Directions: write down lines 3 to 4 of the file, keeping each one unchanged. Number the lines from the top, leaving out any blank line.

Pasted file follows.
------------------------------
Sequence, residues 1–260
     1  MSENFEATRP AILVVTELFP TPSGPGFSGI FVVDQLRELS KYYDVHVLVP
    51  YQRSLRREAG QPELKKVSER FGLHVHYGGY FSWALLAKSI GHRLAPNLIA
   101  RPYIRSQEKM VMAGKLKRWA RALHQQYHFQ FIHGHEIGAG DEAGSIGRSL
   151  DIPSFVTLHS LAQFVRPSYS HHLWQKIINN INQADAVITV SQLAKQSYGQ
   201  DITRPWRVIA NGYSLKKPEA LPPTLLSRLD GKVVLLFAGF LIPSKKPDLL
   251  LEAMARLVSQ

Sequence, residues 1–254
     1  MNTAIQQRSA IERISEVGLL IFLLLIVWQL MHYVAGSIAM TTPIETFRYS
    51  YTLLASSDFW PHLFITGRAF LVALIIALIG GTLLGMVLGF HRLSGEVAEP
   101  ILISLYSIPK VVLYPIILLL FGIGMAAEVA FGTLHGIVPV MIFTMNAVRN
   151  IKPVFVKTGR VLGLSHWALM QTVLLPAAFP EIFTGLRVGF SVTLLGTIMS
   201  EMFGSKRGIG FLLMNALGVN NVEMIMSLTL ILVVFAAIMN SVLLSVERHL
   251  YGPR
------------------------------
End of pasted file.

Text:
    51  YQRSLRREAG QPELKKVSER FGLHVHYGGY FSWALLAKSI GHRLAPNLIA
   101  RPYIRSQEKM VMAGKLKRWA RALHQQYHFQ FIHGHEIGAG DEAGSIGRSL